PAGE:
From Booklist, Copyright © American Library Association. Used with permission.
Are you a gifted child looking for Special Opportunities? This curious newspaper ad catches the eye of orphan Reynie Muldoon. After taking exams that test both mind and spirit, Reynie is selected along with four other contestants--Sticky Washington, a nervous child with a photographic memory; irrepressible Kate Weatherhill; and a tiny child who lives up to her name, Constance Contraire. The children soon learn they've been chosen by mysterious Mr. Benedict for an important mission: they are to infiltrate the isolated Learning Institute for the Very Enlightened, from which messages of distrust and compliance are being broadcast into the minds of the world's citizens. Debut novelist Stewart takes some familiar conventions--among them, an orphan struggling against evil forces (Harry Potter, anyone?)--and makes them his own. But like the Potter books, his story goes beyond mere adventures, delving into serious issues, such as the way sloganeering can undermine society--or control it. Through its interesting characters, the book also tackles personal concerns: abandonment, family, loyalty, and facing one's fears. The novel could have been shortened, but Stewart writes with such attention to the intricacies of plot and personality, his story rarely feels slow; only a significant disclosure about Constance seems forced. Smart kids who like Blue Balliet's books are the natural audience for this; but, read aloud, the novel will attract many others as well. Illustrations to come. --Ilene Cooper Copyright 2007 Booklist
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Stewart's (Flood Summer, for adults) first book for young people begins with a bang. Gifted 11-year-old orphan Reynie Muldoon is sharing the newspaper with his tutor when she excitedly points out an ad: "Are you a gifted child looking for special opportunities?" She encourages him to take the series of tests cited in the ad, and the entire process resembles the otherworldly experience of Roald Dahl's Charlie and the Chocolate Factory, with puzzles within puzzles and tests within tests-some mental, some ethical, some physical. Ultimately three children pass the first test and go on to the next: Reynie, Sticky (born George) Washington and Kate Wetherall-all of them essentially orphans. A fourth, the "very, very small" Constance Contraire, joins them later, and Mr. Benedict describes why he has brought them together. Initially, readers-like the four children-may be unsure of what to think about this mysterious gent: Is he hero or villain? Mr. Benedict has recruited them to foil an evil plan, devised by a mysterious "Sender," to brainwash the population via secret messages-delivered by children-embedded in television and radio programs. The plot-driven novel follows many adventures among the four, whose unique talents all come into play; readers will likely warm to each of them. A couple of concluding twists involving Kate and Connie may throw readers a bit, but these do not detract from the book's entertainment value or from the author's sound overall structure. Though the book is lengthy, readers will likely enjoy getting lost in this fully imagined realm. Ages 8-12. (Mar.) (c) Copyright PWxyz, LLC. All rights reserved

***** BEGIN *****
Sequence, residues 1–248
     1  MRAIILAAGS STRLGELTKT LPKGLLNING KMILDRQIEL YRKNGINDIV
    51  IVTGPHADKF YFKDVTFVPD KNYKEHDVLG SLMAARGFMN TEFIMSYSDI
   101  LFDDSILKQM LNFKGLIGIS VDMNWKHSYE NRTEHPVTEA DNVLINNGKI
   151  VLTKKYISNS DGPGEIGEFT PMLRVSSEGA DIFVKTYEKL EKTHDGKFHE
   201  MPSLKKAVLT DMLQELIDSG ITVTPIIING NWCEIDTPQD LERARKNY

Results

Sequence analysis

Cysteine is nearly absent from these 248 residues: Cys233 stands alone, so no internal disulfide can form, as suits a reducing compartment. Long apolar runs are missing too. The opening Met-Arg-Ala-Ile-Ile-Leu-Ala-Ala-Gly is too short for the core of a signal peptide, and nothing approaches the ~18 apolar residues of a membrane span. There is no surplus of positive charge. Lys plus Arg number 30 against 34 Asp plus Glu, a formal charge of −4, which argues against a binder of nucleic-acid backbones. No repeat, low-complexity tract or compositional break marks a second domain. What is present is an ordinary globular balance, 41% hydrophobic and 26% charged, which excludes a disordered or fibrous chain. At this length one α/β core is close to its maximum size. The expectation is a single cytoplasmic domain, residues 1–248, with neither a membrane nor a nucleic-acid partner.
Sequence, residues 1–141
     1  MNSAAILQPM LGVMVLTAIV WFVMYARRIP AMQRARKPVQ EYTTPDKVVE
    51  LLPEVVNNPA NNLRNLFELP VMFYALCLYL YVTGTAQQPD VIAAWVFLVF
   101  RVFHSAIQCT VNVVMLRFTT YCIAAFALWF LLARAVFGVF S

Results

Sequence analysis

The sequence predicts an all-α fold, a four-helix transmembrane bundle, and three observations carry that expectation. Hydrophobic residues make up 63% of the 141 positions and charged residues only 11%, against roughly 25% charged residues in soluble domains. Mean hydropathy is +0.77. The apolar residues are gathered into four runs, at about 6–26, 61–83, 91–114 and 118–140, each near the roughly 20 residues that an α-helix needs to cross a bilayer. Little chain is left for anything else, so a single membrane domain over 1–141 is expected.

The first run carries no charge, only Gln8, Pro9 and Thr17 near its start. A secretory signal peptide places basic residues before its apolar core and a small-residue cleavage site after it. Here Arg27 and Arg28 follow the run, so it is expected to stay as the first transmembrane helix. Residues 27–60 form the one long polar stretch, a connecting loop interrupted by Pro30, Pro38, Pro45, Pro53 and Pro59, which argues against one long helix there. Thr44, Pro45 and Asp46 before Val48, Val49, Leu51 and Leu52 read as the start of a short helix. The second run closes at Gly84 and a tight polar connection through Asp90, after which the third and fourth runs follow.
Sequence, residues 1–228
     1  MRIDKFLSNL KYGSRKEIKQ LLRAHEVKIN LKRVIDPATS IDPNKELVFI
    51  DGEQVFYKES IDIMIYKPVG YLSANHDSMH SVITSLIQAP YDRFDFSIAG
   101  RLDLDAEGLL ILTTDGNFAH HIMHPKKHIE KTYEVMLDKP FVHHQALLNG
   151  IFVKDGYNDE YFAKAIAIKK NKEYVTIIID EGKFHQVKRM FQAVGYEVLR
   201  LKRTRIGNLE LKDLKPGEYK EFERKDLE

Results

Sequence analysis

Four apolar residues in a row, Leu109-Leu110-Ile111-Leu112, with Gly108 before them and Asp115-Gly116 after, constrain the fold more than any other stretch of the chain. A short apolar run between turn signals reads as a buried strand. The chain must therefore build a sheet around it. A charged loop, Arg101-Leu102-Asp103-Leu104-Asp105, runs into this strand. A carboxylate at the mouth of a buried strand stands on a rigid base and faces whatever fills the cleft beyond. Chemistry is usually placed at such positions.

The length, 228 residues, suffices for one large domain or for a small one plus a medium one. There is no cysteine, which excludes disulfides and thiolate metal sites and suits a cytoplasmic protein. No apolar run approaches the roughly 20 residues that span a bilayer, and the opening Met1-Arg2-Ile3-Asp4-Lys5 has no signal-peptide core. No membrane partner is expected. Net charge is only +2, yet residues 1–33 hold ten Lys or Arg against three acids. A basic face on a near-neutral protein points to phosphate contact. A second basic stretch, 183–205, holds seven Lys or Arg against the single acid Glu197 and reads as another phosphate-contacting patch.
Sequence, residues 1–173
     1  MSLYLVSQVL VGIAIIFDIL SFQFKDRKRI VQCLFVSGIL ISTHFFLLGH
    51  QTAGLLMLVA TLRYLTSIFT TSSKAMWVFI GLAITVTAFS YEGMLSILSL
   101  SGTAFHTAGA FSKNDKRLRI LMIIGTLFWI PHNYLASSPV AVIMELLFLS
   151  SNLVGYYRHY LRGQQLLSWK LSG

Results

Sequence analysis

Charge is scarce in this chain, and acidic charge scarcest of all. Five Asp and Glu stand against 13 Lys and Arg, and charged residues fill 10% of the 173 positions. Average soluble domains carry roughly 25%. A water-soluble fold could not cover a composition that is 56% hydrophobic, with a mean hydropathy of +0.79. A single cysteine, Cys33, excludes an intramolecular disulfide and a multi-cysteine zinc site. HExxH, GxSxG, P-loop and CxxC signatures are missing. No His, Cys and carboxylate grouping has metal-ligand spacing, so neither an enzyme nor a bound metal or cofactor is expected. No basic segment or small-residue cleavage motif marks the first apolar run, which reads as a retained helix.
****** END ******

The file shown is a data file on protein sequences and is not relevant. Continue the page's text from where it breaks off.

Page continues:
School Library Journal
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Gr 5-9-After Reynie Muldoon responds to an advertisement recruiting "gifted children looking for special opportunities," he finds himself in a world of mystery and adventure. The 11-year-old orphan is one of four children to complete a series of challenging and creative tasks, and he, Kate, Constance, and Sticky become the Mysterious Benedict Society. After being trained by Mr. Benedict and his assistants, the four travel to an isolated school where children are being trained by a criminal mastermind to participate in his schemes to take over the world. The young investigators need to use their special talents and abilities in order to discover Mr. Curtain's secrets, and their only chance to defeat him is through working together. Readers will challenge their own abilities as they work with the Society members to solve clues and put together the pieces of Mr. Curtain's plan. In spite of a variety of coincidences, Stewart's unusual characters, threatening villains, and dramatic plot twists will grab and hold readers' attention. Fans of Roald Dahl or Blue Balliett will find a familiar blend of kid power, clues, and adventure in Society, though its length may daunt reluctant or less-secure readers. Underlying themes about the power of media messages and the value of education add to this book's appeal, and a happy ending with hints of more adventures to come make this first-time author one to remember.-Beth L. Meister, Pleasant View Elementary School, Franklin, WI (c) Copyright 2010. Library Journals LLC, a wholly owned subsidiary of Media Source, Inc. No redistribution permitted.